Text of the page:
Horace Bristol (November 16, 1908 – August 4, 1997) was a twentieth-century American photographer, best known for his work in Life. His photos appeared in Time, Fortune, Sunset, and National Geographic magazines.
|Born||November 16, 1908|
|Died||August 4, 1997|
|Alma mater||Art Center College of Design|
|Spouse(s)||Mary O'Donnell Hulme (died 1956)|
Bristol was born and raised in Whittier, California, he was the son of Edith Bristol, women's editor at the San Francisco Call. Bristol attended the Art Center of Los Angeles, originally majoring in architecture. In 1933, he moved to San Francisco to work in commercial photography, and met Ansel Adams, who lived near his studio. Through his friendship with Adams, he met Edward Weston, Imogen Cunningham, and other artists. He was copy reader at night for the Los Angeles Times after graduating from Belmont High School.
In 1936, Bristol became a part of Life's founding photographers, and in 1938, began to document migrant farmers in California's central valley with John Steinbeck, recording the Great Depression, photographs that would later be called the Grapes of Wrath collection.
In 1941, Bristol was recruited to the U.S. Naval Aviation Photographic Unit, as one of six photographers under the command of Captain Edward J. Steichen, documenting World War II in places such as South Africa, and Japan. Bristol helped to document the invasions of North Africa, Iwo Jima, and Okinawa.
Following his documentation of World War II, Bristol settled in Tokyo, Japan, selling his photographs to magazines in Europe and the United States, and becoming the Asian correspondent to Fortune. He published several books, and established the East-West Photo Agency.
Following the death of his wife in 1956, Bristol burned all his negatives, packed his photographs into storage, and retired from photography. He went on to remarry, and have two children. He returned to the United States, and after 30 years, recovered the photographs from storage, to share with his family. Subsequently he approached his alma mater, Art Center College of Design, where the World War II and migrant worker photographs became the subject of a 1989 solo exhibition. The migrant worker photos would go on to be part of the J. Paul Getty Museum's Grapes of Wrath series.
Death and LegacyEdit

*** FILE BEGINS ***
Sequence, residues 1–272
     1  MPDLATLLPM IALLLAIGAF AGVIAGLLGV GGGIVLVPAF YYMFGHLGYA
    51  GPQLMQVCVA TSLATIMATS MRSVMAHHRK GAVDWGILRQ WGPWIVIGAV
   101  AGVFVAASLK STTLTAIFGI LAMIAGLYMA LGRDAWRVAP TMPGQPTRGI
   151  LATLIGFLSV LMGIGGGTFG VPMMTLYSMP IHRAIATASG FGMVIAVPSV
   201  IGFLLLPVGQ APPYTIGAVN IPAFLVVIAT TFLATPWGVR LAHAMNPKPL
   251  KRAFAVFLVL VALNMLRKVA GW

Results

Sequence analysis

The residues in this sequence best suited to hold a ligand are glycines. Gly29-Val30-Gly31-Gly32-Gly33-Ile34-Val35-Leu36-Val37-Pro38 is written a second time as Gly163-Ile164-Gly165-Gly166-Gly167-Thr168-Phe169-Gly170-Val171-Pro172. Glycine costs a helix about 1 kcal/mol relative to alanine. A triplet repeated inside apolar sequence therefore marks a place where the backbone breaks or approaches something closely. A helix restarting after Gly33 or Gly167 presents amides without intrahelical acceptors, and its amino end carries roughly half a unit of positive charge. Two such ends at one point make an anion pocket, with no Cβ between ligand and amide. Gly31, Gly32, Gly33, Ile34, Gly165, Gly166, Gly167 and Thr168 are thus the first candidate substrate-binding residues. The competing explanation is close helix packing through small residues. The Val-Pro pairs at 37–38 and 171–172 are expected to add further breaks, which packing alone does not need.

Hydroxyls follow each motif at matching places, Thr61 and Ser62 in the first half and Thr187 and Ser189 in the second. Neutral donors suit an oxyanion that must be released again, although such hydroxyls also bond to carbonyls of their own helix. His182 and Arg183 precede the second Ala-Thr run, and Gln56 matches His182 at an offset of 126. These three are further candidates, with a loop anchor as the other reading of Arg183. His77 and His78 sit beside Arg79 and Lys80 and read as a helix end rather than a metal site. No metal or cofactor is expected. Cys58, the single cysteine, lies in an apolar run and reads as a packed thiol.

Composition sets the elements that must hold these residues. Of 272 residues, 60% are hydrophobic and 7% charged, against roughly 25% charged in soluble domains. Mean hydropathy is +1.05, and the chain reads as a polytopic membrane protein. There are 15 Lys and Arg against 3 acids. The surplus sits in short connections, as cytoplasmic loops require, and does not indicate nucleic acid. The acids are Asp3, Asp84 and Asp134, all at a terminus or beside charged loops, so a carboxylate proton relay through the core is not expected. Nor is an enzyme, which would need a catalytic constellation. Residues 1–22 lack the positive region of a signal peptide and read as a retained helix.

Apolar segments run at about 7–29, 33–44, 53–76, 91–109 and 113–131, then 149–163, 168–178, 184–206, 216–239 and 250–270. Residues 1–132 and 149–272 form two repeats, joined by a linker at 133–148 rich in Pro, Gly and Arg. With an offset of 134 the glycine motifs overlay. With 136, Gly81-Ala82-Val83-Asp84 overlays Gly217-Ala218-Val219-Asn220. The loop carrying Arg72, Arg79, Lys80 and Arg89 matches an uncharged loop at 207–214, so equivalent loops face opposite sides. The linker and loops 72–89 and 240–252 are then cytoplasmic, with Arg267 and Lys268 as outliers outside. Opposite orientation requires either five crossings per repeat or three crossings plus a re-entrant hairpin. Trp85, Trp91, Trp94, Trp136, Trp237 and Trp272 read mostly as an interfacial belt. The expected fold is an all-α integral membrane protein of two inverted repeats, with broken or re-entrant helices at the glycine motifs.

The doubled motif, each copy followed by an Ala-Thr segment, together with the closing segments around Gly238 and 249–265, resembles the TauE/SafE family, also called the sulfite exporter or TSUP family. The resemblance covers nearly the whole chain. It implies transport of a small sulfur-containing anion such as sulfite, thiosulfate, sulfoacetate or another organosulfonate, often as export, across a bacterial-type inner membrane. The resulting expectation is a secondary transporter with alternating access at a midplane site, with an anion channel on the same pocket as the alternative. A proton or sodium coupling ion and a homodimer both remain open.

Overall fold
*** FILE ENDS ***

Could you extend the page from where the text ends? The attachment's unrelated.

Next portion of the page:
Bristol's work is displayed around the world, including the Getty Museum and the Los Angeles County Museum of Art. In 2006, a documentary was made, The Compassionate Eye: Horace Bristol, Photojournalist, written and directed by David Rabinovitch.
- Stuart Vail (2005). "Horace Bristol". Scream Online.com. Retrieved September 14, 2007.
- The Horace and Masako Bristol Estate (2007). "Horace Bristol". The Horace and Masako Bristol Estate. Retrieved September 14, 2007.
- Binheim, Max; Elvin, Charles A (1928). Women of the West; a series of biographical sketches of living eminent women in the eleven western states of the United States of America. p. 27. Retrieved 8 August 2017. This article incorporates text from this source, which is in the public domain.
- "Santa Clara Valley Hospice Home Tour: 621 E. Pleasant St". Retrieved 8 September 2017.
- Stephen Cohen Gallery (2007). "Horace Bristol". Stephen Cohen Gallery. Archived from the original on August 16, 2007. Retrieved September 14, 2007.
- John Nichols Gallery (2005). "Horace Bristol (1908-1997)". John Nichols Gallery. Archived from the original on December 14, 2005. Retrieved September 14, 2007.
- Faram, Mark D. (2009), Faces of War: The Untold Story of Edward Steichen's WWII Photographers, pg. 45, Berkeley Caliber, New York, New York, ISBN 978-0-425-22140-2
- J. Paul Getty Museum (2003). "The Grapes of Wrath: Horace Bristol's California Photographs". Retrieved September 14, 2007.
- J. Paul Getty Museum. "Horace Bristol". Retrieved September 3, 2008.
- Conner, Ken (1996). Horace Bristol. San Francisco: Chronicle Books. ISBN 0-8118-1261-8.
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